South Africa and Tax Freedom

Published on 2nd May 2011

South Africans pay higher taxes as a percentage of GDP than Australians and Americans. While their Tax Freedom Day (TFD) fell on 6 April and 16 April 2011, respectively, SA’s will fall on 2 May. The citizens of those countries have more economic freedom than we do because they spend less of the year working to pay their taxes. 

This year, South Africans will start working for themselves eight days earlier than last year’s 10 May as a result of the recession. As a percentage of GDP, we will earn less money and pay lower taxes, but, unfortunately, that does not mean that government will spend less. They are going to borrow and spend more, which will mean all South Africans will be faced with higher taxes in future to pay the interest on these borrowings and to repay the loans.” 

How does government get its hands on the finance it needs? Through income tax, VAT, fuel tax and the host of other taxes we all have to pay. To determine the real impact of all these taxes on any one individual is very difficult, but the TFD measure was developed to try and give citizens some idea of how much of the nation’s earnings government takes from them in taxes. In SA’s case, the nation will spend 121 days, or 33.2% of their time, working to pay their taxes and only on 2 May, the 122nd day of the year, will they be able to start working for themselves.

Of course, taxes are spread throughout the year and a chunk of every day’s earnings goes in taxes. We nevertheless gain a useful perspective on taxes when we calculate an overall average tax burden by converting into days and months the time that a nation spends on earning money with which to pay taxes. It is a sobering thought to know that we have only 244 days or 66.8% of the year left to work to pay all our other expenses and to try and put away money for retirement.

TFD gives us a macro-economic picture of taxes, taxpayers and the economy. To determine your own personal TFD add up the total taxes you pay in a calendar year (including the hidden taxes that are contained in the purchase prices of most things you buy), divide the number by your total income for the year, multiply by 365 days (366 in a leap-year) and add 1 day.   Everyone’s earnings are not the same and the tax burden is not spread evenly. The top 1% of American taxpayers, for instance, pays 40% of all US taxes and the top 1% of Australian taxpayers pays 18.5% of Australian taxes. In both cases we would need to know their total incomes in order to calculate their collective TFDs. Similar figures for SA are not readily available but according to SARS 2009 figures, 52,446 taxpayers (1.5% of the total) earned more that R1m each and paid 24.5% of all income taxes collected from individuals.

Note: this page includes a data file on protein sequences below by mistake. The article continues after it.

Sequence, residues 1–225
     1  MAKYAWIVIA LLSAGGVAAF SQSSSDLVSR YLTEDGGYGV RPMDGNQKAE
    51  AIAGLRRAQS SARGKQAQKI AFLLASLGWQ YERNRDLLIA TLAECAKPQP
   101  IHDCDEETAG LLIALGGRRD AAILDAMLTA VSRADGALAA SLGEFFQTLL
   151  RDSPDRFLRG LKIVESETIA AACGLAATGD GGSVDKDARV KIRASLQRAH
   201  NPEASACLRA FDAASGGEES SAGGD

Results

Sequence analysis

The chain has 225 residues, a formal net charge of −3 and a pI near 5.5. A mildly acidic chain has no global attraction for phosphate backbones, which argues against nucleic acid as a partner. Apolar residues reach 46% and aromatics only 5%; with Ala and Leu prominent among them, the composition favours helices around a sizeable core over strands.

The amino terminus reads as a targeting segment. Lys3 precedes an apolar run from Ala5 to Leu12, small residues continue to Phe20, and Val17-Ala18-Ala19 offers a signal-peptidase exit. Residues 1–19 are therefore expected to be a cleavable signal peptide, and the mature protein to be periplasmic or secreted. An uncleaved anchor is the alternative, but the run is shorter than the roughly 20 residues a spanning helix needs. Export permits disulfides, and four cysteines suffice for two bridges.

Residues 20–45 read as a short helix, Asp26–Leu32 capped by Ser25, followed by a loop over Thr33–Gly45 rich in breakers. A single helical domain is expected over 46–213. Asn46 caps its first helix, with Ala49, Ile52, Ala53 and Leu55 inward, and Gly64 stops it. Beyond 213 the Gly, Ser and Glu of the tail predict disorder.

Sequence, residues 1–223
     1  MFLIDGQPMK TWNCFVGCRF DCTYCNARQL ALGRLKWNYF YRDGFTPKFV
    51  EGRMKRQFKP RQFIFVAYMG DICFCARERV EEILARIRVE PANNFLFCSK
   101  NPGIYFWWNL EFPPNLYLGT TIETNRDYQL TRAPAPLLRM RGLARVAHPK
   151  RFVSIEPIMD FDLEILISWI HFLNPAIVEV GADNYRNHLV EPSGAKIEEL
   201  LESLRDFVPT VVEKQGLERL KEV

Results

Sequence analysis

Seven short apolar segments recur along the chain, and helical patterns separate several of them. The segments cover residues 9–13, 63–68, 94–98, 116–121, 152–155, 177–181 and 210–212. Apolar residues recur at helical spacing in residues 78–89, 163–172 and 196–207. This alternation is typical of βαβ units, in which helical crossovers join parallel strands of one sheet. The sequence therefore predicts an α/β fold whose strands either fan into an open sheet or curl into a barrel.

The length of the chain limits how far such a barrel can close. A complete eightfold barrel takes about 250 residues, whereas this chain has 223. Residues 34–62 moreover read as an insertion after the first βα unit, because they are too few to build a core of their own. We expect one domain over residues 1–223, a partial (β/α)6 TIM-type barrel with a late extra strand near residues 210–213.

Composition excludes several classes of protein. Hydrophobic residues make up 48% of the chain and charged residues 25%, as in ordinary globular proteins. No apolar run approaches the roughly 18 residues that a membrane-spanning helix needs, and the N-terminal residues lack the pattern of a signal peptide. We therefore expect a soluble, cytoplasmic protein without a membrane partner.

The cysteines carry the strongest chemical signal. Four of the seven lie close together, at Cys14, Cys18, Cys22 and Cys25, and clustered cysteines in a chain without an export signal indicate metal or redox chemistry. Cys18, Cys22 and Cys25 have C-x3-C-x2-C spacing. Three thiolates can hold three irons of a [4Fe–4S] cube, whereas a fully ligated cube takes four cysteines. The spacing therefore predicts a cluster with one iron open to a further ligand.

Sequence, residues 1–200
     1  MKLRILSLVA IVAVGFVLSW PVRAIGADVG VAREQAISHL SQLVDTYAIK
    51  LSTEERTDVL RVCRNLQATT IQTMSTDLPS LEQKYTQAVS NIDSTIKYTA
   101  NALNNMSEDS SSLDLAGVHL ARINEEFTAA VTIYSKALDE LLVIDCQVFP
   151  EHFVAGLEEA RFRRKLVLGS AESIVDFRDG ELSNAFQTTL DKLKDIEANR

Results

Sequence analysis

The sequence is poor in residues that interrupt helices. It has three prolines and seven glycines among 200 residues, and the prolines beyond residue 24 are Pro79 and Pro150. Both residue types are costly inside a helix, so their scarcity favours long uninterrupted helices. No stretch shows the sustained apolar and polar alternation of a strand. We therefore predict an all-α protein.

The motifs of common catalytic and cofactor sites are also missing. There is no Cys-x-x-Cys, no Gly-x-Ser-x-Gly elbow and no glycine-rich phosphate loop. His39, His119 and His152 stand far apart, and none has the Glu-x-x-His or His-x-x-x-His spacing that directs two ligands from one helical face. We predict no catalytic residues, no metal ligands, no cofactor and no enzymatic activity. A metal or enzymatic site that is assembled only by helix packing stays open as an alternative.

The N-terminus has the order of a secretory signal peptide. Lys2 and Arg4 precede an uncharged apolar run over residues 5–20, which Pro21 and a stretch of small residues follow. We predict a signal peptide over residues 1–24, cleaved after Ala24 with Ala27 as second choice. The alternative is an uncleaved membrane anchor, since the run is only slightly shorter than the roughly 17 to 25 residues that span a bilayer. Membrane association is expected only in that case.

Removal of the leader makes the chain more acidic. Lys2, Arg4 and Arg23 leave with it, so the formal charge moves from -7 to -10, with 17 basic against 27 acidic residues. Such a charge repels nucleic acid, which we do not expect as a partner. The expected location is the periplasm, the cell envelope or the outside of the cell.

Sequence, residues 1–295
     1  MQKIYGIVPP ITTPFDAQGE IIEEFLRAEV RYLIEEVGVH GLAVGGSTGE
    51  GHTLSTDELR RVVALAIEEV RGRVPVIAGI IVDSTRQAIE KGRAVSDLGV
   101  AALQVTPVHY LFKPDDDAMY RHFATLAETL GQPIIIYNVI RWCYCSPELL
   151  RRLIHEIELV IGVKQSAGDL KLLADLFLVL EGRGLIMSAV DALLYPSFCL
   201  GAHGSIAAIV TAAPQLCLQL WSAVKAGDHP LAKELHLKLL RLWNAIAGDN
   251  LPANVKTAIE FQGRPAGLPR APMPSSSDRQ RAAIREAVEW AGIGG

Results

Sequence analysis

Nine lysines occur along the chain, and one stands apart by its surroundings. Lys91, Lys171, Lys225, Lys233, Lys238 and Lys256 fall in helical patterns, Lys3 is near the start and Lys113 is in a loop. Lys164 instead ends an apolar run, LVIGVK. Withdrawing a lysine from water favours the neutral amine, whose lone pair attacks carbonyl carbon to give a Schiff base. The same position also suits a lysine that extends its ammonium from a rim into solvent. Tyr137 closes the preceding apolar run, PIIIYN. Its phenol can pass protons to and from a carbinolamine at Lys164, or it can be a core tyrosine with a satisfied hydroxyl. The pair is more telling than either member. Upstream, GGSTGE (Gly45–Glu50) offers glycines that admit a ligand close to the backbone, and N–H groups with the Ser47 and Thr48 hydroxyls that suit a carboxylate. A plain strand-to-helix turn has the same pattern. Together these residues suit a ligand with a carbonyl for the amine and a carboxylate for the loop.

Economists tend to disagree over the level of taxes that individuals should pay, who should pay the taxes, what effects taxes have on their lives, and what form taxes should take. US economist Arthur Laffer became well known for his famous graph (the Laffer Curve) which suggested that there is a tax rate level beyond which total taxes tend to decline rather than increase when the rate is raised. According to this theory, cranking up the taxes on the highest-earning taxpayers can be counter-productive, while reducing the rates can result in increased tax income for the state. Ronald Reagan’s administration proved the accuracy of this prediction when it slashed tax rates and ended up with more revenue.

Numerous reasons are put forward for the Laffer Curve phenomenon; higher after-tax income increases incentives and productivity; money saved from lower taxes is invested to increase production, and taxpayers spend less time on tax avoidance schemes and more on growing their incomes. Whatever the reason, some governments have implemented low-tax regimes with positive results. Unfortunately, the lessons learned are soon forgotten and calls for higher tax rates are once again making the headlines.   

TFD for the UK this year has been calculated as 30 May, 28 days later than SA. Other TFDs due to occur after SA’s as indicated by their 2010 TFD dates are Croatia (10 June), Israel (22 June), Poland (23 June), and Sweden (20 July). Swedish people spend 200 days (55% of the year) working to pay their taxes and have only 165 days to work for themselves.   At the other end of the scale is Mauritius. This small island nation is the envy of most taxpayer nations. Its TFD fell on 22 March as a result of a deliberate effort to cut back taxes (15% tax rate for individuals and companies) and to make it more investment friendly. It is 9th on the 2010 Economic Freedom of the World index compared to SA’s 82nd, and 20th on the World Bank’s Ease of Doing Business index, with SA at 32nd.  

According to FMF Executive Director, Leon Louw, “A deliberate effort on the part of government to give SA an earlier TFD would make the country more business and investment friendly, increase disposable incomes, savings and investment (including foreign direct investment), increase economic growth, and reduce unemployment.”

By Garth Zietsman
Free Market Foundation, South Africa.

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